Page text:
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Nature Versus Nurture in Gout: A Twin Study

Published:February 23, 2012DOI:https://doi.org/10.1016/j.amjmed.2011.11.010

      Abstract

      Background

      Gouty arthritis (gout) is the most common inflammatory arthritis in the United States and several other countries. Some rare forms of gout have a known genetic basis, but the relative importance of genetic factors on the risk for the lifetime prevalence of gout is not clear.

      Methods

      We performed a heritability analysis for hyperuricemia and gout among 514 unselected, all-male twin pairs who were a part of the National Heart, Lung, and Blood Institute twin study, a prospective observational cohort study. Statistical analyses were performed using structural equation models and maximum likelihood methods. The covariates used for adjustment in the structural equation models were identified using bivariate logistic regressions.

      Results

      The study population included 253 monozygotic (MZ) and 261 dizygotic (DZ) twin pairs, aged 48 (±3) years at baseline and followed for a mean of 34 years. The lifetime prevalence of gout did not differ between MZ and DZ twins. The concordance of hyperuricemia was 53% in MZ and 24% in DZ twin pairs (P<.001). Models that quantified the relative contribution of genetic and environmental factors on phenotypic variance showed that individual variability in gout was substantially influenced by environmental factors shared between co-twins and not by genetic factors. In contrast, individual differences in hyperuricemia were influenced significantly by genetic factors.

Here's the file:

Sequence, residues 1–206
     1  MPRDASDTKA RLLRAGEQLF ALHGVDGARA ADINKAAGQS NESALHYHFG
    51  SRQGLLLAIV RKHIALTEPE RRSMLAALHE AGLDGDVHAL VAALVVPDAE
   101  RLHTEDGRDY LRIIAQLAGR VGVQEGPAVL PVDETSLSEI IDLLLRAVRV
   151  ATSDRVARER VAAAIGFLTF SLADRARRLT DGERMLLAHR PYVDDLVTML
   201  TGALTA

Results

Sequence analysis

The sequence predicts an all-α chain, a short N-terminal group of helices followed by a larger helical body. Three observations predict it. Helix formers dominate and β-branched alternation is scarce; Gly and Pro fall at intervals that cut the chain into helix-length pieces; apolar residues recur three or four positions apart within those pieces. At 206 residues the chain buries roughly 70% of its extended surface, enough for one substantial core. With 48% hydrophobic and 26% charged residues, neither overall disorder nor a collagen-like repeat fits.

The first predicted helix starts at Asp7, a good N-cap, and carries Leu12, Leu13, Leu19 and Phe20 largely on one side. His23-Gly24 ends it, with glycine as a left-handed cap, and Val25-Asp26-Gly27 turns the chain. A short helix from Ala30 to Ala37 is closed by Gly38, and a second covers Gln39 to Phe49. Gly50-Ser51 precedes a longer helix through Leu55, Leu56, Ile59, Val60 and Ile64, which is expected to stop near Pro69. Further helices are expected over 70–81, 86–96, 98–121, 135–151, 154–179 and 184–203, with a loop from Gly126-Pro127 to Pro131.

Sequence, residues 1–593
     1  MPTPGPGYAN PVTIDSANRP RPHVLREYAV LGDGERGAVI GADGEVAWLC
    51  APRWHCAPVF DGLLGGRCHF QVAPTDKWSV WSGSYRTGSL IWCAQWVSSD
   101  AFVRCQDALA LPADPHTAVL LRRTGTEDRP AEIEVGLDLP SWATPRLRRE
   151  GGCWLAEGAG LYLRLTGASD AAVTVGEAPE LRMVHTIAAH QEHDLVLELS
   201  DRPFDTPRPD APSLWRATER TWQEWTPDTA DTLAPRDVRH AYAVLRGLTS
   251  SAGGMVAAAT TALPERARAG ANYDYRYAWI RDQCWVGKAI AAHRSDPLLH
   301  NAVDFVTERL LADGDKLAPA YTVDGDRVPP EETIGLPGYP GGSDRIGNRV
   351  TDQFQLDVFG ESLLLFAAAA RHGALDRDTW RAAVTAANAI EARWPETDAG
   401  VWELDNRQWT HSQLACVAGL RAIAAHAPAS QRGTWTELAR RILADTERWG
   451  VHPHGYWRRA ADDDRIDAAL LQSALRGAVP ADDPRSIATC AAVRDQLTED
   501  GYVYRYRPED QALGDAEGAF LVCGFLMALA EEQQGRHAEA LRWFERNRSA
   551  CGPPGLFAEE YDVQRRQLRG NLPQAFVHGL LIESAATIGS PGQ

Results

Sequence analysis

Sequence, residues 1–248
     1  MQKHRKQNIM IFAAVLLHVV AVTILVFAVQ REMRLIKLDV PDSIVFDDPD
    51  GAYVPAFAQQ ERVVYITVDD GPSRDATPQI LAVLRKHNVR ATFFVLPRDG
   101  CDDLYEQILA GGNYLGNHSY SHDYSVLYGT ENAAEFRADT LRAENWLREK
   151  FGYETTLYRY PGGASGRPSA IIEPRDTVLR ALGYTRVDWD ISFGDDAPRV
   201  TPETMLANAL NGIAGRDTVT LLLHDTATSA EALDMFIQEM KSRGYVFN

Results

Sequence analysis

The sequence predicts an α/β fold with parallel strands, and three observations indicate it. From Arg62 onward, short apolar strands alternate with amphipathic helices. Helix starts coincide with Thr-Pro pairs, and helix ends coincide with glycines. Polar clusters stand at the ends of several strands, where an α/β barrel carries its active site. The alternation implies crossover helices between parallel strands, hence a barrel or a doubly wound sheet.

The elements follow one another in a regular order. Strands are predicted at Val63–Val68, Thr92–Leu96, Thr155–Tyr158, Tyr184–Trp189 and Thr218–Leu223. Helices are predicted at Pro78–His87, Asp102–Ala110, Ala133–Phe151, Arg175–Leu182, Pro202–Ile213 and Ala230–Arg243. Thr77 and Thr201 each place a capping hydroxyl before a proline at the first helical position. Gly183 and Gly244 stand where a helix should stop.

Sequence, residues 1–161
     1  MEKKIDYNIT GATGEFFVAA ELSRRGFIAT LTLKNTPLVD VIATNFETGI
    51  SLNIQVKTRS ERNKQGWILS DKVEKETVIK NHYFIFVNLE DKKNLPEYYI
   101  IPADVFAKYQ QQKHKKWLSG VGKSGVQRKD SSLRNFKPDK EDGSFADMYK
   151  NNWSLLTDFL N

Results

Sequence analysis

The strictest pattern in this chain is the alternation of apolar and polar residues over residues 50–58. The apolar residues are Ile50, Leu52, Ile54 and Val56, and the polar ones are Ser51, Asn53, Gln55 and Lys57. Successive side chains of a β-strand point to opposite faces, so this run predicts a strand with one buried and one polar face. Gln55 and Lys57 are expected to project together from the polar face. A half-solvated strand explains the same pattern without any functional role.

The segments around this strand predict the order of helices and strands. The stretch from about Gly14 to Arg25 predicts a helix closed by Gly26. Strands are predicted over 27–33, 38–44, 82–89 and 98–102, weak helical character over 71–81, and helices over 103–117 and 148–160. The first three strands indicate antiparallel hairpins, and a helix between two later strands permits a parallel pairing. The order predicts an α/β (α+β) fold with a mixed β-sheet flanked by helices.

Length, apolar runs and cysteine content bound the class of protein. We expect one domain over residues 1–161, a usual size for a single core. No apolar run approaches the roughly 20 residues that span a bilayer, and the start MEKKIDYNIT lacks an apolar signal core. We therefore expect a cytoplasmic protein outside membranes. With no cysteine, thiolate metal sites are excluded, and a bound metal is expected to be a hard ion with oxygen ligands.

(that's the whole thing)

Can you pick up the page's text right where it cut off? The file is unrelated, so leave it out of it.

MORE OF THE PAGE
Conclusion

      Hyperuricemia is a genetic trait. Outside the context of rare genetic disorders, risk for gout is determined by the environment. This has implications for prevention and treatment approaches.

      Keywords

      Although there are specific dietary and lifestyle risk factors for hyperuricemia, their relative contributions are smaller than those entailed by genetic factors; genetic factors explain 40% to 80% of variation of serum urate concentration.
      • Riches P.L.
      • Wright A.F.
      • Ralston S.H.
      Recent insights into the pathogenesis of hyperuricaemia and gout.
      • Choi H.K.
      • Zhu Y.
      • Mount D.B.
      Genetics of gout.
      • Choi H.K.
      • Mount D.B.
      • Reginato A.M.
      American College of P, American Physiological S
      Pathogenesis of gout.
      • Mikuls T.R.
      • Saag K.G.